Patterns of lateralized hand use in an arboreal primate, Simias concolor

  title={Patterns of lateralized hand use in an arboreal primate, Simias concolor},
  author={Cory Thomas Miller and Lisa M. Paciulli},
  journal={American Journal of Primatology},
  • C. Miller, L. Paciulli
  • Published 1 April 2002
  • Biology, Psychology, Environmental Science
  • American Journal of Primatology
Studies of hand use in nonhuman primates suggest that several species exhibit hand preferences for a variety of tasks. The majority of studies, however, focus on the lateralized hand use of captive nonhuman primate populations. Although captive settings offer a more controlled environment for assessing hand preferences, studies of wild populations provide important insights into how handedness is affected by natural environmental conditions and thus potential insights into the evolution of… 
The evolution of handedness in humans and great apes: a review and current issues.
It is proposed that when referring to "handedness" it is more appropriate to use the terms "hand preference" and "hand use", to avoid confusion with each discipline's own definition of handedness.
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Postural effect on manual laterality in different tasks in captive grey-cheeked mangabey (Lophocebus albigena).
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Hand preference in unimanual and bimanual tasks and postural effect on manual laterality in captive red‐capped mangabeys (Cercocebus torquatus torquatus)
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It is concluded that trabecular bone is capable of detecting right/left directional asymmetry, but coupling studies of internal structure with analyses of other skeletal elements and cortical bone prior to applications in the fossil record is suggested.
Lateralización cerebral en chimpancés: una aproximación filogenética al estudio del cerebro humano
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Lack of hand preference in wild Hanuman langurs (Presbytis entellus).
The results suggest that hand use is unlateralized in P. entellus and those individuals exhibiting some hand preferences can be viewed as statistical exceptions or perhaps subject to experiential differences.
Hand preferences in unimanual and bimanual feeding by wild vervet monkeys (Cercopithecus aethiops).
Lateral preference was examined in spontaneous feeding actions in 2 troops of wild vervet monkeys, which showed ambilaterality, with lateralization associated with task complexity, and preference appeared labile.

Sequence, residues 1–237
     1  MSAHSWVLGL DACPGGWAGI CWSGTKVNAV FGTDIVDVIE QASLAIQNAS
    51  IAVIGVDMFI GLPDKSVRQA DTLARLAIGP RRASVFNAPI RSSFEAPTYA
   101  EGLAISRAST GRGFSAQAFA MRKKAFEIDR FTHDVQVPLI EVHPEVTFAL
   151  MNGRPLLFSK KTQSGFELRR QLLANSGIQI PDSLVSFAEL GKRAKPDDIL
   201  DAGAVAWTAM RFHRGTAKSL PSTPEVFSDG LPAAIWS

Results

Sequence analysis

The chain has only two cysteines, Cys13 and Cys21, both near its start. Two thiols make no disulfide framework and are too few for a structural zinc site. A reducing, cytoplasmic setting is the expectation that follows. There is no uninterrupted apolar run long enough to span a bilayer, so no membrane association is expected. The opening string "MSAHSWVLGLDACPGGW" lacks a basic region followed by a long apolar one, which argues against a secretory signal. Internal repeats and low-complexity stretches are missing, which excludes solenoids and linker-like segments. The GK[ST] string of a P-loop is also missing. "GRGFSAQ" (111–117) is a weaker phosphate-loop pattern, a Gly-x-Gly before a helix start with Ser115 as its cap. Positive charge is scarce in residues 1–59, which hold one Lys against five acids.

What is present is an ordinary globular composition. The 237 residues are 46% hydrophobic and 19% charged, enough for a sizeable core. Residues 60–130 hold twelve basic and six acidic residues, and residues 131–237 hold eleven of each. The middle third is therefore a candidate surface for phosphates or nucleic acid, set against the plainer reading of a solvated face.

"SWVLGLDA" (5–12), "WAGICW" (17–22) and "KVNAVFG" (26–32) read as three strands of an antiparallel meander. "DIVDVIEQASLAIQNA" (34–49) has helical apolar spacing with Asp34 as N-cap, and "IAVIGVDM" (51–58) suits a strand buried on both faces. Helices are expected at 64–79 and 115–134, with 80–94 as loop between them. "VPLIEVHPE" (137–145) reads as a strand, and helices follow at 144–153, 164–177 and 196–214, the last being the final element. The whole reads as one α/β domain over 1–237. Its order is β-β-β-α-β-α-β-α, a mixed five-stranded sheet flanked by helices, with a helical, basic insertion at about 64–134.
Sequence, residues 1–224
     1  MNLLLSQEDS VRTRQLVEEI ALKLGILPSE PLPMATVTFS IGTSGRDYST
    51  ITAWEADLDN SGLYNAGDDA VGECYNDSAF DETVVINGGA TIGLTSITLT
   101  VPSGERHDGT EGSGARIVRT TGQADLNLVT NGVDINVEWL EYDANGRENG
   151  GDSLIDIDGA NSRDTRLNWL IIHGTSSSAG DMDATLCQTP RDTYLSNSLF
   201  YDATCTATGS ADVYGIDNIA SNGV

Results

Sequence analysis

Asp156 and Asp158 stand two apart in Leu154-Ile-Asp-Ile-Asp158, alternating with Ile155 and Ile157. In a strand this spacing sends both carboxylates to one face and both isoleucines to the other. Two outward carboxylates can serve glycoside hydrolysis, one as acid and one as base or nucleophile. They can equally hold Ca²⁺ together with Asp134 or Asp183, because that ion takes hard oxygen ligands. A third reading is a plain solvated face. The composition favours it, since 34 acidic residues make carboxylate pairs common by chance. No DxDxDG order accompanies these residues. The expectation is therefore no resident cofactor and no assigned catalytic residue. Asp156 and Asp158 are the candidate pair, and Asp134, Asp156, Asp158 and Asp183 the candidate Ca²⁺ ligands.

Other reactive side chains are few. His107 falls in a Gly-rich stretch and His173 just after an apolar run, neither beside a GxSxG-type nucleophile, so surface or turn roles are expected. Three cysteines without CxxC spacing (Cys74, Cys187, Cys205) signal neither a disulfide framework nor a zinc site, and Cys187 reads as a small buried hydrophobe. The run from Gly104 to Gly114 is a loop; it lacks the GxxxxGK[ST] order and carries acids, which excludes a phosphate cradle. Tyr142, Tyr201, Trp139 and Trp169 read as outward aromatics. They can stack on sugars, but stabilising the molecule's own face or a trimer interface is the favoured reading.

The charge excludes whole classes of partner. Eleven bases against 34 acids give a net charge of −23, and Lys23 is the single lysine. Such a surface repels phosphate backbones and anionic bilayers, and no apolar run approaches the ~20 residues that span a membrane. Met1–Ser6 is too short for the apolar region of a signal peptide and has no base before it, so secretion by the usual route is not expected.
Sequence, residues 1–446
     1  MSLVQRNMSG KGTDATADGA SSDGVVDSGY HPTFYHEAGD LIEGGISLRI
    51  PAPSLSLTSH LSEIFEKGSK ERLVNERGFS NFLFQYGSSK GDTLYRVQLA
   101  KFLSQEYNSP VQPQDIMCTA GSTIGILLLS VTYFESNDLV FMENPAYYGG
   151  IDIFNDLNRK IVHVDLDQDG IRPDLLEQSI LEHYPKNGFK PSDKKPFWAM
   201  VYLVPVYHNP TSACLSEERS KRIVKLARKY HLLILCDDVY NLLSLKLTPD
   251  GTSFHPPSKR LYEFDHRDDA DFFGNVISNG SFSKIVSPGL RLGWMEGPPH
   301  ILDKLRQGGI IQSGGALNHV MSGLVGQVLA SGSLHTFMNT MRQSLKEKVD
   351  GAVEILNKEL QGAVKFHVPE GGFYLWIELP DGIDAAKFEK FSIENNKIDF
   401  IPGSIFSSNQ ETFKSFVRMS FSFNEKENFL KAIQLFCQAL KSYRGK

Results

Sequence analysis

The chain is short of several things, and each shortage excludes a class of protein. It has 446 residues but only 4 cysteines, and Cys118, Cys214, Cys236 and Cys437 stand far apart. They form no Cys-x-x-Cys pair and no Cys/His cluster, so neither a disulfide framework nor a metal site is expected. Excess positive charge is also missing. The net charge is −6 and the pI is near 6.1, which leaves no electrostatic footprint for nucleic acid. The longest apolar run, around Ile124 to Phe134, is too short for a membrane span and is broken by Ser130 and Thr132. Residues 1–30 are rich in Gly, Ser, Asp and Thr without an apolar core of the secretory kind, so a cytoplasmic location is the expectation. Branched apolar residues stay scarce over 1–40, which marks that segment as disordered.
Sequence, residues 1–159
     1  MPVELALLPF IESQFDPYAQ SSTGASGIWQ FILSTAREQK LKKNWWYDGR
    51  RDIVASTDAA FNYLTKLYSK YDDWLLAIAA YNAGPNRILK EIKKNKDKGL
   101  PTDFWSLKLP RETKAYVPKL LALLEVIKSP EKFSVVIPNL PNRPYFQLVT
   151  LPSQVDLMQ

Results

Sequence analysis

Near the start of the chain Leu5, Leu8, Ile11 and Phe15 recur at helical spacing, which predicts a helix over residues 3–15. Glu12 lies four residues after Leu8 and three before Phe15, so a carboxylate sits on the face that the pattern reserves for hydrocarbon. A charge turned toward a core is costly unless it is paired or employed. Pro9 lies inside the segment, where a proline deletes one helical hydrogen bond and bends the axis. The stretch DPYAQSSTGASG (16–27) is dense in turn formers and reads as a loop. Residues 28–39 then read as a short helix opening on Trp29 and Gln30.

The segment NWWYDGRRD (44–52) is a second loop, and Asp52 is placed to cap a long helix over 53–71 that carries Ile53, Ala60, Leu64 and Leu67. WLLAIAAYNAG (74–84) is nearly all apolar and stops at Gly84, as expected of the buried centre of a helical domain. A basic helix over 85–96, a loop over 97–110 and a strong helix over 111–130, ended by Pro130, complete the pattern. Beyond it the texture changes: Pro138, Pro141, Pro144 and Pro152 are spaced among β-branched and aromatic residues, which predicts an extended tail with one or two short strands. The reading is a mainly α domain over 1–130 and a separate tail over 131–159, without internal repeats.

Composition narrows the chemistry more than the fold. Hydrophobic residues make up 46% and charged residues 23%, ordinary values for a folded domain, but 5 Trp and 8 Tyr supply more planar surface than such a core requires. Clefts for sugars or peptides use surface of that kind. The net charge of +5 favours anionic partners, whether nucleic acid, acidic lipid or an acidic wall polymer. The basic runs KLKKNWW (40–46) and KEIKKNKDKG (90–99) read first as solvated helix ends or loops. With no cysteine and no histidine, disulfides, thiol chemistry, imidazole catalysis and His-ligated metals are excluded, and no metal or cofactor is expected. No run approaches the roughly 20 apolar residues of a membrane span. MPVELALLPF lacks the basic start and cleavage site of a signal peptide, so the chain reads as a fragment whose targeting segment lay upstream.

Laterality of limb function in wild chimpanzees of Gombe National Park: comprehensive study of spontaneous activities
Ethological data on 43 categories of limb movements exhibited by one community of wild chimpanzees in the Gombe National Park, Tanzania is presented, showing lack of lateralization for limb movement in this natural population contrasts with findings of apparent right-handedness in captive chimpanzees.
Hand Preference in Free-Ranging White-Throated Capuchins (Cebus capucinus) in Costa Rica
  • M. Panger
  • Psychology, Biology
    International Journal of Primatology
  • 2004
The findings indicate that postural regulation may influence hand use patterns in nonhuman primates at the population level and support the available primate hand use frameworks.
It's all in the hands of the beholder: New data on free-ranging rhesus monkeys
It is suggested that primate handedness patterns evolved with structural and functional adaptations to feeding, that they are precursors to aspects of human leftand right-hemisphere specialization patterns, and that they evolved in the following order.
It is hypothesised that chimpanzees in confined settings may show right side preferences due to (inadvertent) human influence; these can be tested empirically.
On the Other Hand: Current Issues in and Meta-Analysis of the Behavioral Laterality of Hand Function in Nonhuman Primates
It is concluded that nonhu- man primate hand function has not been shown to be lateralized at the species level—it is not the norm for any species, task, or setting, and so offers no easy model for the evolution of human handedness.
Hand preferences for a coordinated bimanual task in 110 chimpanzees (Pan troglodytes): cross-sectional analysis.
  • W. Hopkins
  • Psychology, Biology
    Journal of comparative psychology
  • 1995
The results suggest that coordinated bimanual tasks elicit strong hand preferences at the individual level and elicit population level right-handedness.